Nearly all fitness trackers or activity apps as well as numerous training programs found in everyday life set the achievement of 10,000 steps as a desirable daily goal. The curious thing about it is that this value was not determined by scientific studies, experiments or medical tests. A Japanese advertising campaign from the 1960s played a decisive role in the fact that the 10,000-step rule has lasted to this day.
During the 1964 Tokyo Olympics, the Japanese company Yamasa launched one of the first portable pedometers and gave it the distinctive name “Manpokai”, meaning “10,000 steps”. A handy and easy-to-remember size for advertising, to bring the device to both men and women – with great success.
Today, however, many doctors are sceptical about whether it makes sense to stick to this arbitrarily chosen figure. After all, numerous studies indicate that it is not the number of steps but the intensity of the movement performed that has the greatest influence on fitness.
Today, experts recommend that adults should engage in health-promoting activity for at least 150 minutes a week (with moderate intensity) or 75 minutes a week (with high intensity)”. However, the difference between “moderate intensity” and “high intensity” is difficult to measure without additional aids. The recommendation “10,000 steps a day”, on the other hand, is much easier to remember and measure.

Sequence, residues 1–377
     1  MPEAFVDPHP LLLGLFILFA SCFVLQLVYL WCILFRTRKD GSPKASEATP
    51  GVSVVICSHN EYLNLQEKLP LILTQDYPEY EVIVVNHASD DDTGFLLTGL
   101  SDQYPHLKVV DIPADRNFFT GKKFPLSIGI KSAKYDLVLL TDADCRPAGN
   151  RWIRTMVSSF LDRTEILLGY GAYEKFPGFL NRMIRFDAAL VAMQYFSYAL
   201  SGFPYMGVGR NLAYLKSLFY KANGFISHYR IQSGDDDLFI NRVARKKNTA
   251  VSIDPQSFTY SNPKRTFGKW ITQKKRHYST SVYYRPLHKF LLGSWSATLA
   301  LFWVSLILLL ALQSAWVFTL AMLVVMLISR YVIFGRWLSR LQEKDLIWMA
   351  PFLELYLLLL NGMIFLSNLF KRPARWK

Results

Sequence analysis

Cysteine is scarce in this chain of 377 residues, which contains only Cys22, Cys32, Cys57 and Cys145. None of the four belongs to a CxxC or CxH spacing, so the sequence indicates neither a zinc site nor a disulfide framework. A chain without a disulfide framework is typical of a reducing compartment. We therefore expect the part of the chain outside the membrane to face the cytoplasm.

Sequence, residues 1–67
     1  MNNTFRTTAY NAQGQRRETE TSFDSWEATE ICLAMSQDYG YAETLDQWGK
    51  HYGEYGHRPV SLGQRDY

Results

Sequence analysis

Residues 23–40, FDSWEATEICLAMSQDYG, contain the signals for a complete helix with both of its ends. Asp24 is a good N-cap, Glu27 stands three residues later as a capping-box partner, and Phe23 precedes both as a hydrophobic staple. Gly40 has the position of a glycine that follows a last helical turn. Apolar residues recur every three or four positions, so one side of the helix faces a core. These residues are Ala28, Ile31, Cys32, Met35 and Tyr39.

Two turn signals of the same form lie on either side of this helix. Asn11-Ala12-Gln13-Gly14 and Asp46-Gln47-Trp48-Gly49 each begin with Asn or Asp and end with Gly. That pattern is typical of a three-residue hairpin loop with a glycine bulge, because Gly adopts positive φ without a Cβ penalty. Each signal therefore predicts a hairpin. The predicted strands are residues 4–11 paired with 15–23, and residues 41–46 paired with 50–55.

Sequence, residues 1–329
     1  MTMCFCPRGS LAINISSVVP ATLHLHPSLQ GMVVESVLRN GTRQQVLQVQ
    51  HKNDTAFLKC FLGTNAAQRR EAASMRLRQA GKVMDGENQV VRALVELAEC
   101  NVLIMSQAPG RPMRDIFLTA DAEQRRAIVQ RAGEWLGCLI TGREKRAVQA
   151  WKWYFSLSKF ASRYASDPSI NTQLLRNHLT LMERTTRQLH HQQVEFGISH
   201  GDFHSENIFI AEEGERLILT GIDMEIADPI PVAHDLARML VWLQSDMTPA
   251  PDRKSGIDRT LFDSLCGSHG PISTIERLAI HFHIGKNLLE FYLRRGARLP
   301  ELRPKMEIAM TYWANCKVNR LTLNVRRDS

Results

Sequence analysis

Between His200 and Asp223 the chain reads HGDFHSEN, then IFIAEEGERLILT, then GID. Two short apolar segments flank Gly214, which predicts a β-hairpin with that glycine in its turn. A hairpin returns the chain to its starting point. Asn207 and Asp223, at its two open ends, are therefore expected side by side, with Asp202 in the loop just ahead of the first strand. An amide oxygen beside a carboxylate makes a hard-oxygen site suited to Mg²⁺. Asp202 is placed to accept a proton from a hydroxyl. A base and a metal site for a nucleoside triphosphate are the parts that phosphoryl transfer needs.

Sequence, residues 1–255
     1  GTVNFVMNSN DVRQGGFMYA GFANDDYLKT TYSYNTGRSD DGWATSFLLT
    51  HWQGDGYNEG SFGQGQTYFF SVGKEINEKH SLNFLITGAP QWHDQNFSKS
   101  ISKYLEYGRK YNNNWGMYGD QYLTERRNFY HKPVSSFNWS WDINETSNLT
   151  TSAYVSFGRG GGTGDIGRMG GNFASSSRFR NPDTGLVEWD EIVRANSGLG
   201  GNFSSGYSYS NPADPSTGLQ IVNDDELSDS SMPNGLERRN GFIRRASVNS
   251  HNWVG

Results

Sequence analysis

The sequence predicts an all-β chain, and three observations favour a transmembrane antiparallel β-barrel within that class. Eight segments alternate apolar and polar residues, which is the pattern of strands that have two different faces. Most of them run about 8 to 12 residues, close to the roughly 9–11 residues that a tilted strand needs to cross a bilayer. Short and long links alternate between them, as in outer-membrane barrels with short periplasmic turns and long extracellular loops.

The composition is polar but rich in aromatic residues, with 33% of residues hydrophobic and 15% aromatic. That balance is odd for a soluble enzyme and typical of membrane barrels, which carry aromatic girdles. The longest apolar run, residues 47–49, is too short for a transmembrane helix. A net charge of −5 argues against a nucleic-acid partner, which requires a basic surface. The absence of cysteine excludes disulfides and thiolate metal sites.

If you use a fitness tracker or a Smartwatch, reaching the daily exercise target of 10,000 steps is a nice challenge in any case. However, if at the end of the day you have “only” managed 7,000 steps once again, you should not have too much of a guilty conscience. Every step counts.
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